Moscow’s support for nationalist groups has been evident with the radical right Ataka movement in Bulgaria and various Serbian nationalist formations in Serbia, Bosnia-Herzegovina, and Montenegro. Although Syriza in Greece is not a nationalist grouping but an ultra-leftist formation, its deep-rooted anti-Americanism and resentment against Germany for imposing tough conditions to secure crucial bailout loans has suited Moscow. Promoting local nationalism or leftist statism can contribute to undermining support for NATO, the US, and the EU, it can raise sympathies for Moscow’s international positions, and it may stir regional rivalries that preoccupy Western institutions and empower the Kremlin to inject itself as a mediator.

Second, Moscow encourages political corruption throughout Europe. In the Balkans, where the rule of law remains relatively weak, politicians are especially vulnerable to Moscow’s enticements. Various public figures are targeted, including national and local politicians, government ministers, security personnel, businessmen, and media heads. The objectives are both political and economic. Through outright bribery or opaque transactions, Balkan officials may favor Russian business interests and remain neutral or support Moscow in its foreign policy offensives. This can undermine Western unity whether in the NATO or EU contexts.

Political corruption is also evident in funding for NGOs that support positions at odds with EU and US policy. This has been visible in the campaign against shale gas development in Bulgaria, which would reduce Russia’s preponderance as an energy supplier. Russian sources have reportedly funded Bulgarian and Romanian environmentalist groups. Similarly, some individuals involved in the protest campaign in Tirana in the fall of 2013 against Washington‘s request to dismantle chemical weapons agents from Syria inside Albania allegedly maintained contacts with the Russian embassy in Tirana.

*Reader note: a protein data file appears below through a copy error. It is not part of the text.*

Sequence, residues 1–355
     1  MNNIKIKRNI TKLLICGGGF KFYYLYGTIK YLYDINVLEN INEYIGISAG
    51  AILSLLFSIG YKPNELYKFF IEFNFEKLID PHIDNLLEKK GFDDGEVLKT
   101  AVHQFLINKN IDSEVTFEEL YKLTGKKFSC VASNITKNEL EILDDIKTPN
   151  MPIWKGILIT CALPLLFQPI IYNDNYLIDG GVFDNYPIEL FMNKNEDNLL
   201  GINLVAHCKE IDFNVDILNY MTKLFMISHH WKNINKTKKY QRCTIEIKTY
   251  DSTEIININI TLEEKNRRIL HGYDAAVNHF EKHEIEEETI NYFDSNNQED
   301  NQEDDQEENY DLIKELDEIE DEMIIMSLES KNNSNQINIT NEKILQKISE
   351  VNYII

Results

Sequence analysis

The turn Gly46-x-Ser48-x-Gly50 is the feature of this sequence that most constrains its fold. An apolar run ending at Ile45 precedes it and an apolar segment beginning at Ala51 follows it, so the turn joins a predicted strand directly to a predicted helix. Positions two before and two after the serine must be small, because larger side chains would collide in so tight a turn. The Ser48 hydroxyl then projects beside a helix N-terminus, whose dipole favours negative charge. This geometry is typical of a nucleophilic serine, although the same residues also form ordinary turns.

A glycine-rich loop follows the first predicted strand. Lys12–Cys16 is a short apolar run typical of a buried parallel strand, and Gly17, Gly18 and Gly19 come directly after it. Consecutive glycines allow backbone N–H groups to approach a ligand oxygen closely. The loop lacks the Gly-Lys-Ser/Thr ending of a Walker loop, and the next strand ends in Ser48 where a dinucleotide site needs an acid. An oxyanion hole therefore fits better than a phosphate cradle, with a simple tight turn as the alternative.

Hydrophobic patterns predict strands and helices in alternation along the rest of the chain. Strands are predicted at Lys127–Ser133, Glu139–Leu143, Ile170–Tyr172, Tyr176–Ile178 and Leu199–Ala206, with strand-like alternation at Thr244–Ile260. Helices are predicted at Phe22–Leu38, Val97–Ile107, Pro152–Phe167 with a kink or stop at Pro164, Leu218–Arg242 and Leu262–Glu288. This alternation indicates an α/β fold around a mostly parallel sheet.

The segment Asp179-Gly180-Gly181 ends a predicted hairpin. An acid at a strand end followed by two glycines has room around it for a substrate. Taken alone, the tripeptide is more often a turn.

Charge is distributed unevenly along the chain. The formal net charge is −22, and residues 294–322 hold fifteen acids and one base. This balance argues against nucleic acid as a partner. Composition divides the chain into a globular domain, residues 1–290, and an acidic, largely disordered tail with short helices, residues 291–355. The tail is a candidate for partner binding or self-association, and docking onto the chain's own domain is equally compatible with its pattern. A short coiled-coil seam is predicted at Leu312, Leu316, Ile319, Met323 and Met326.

A third well-tested method of Russian influence is the fostering of energy dependence. This included tying Balkan countries into South Stream and other energy project led by Gazprom and gaining majority shares in local pipelines, refineries, and other energy facilities. Energy dependence can undergird diplomatic and political compliance. Serbia has been the most prone to Moscow’s energy inducements, having sold majority shares of its NIS (Naftna Industrija Srbije) oil and gas complex to Gazprom. Belgrade has favored Russian investment and energy supplies partly as a form of reciprocity for Moscow blocking its former province of Kosova from membership in the United Nations. The Kremlin has also offered aid and investment to the Serb Republic (RS) entity in Bosnia-Herzegovina as a way to court a potential ally.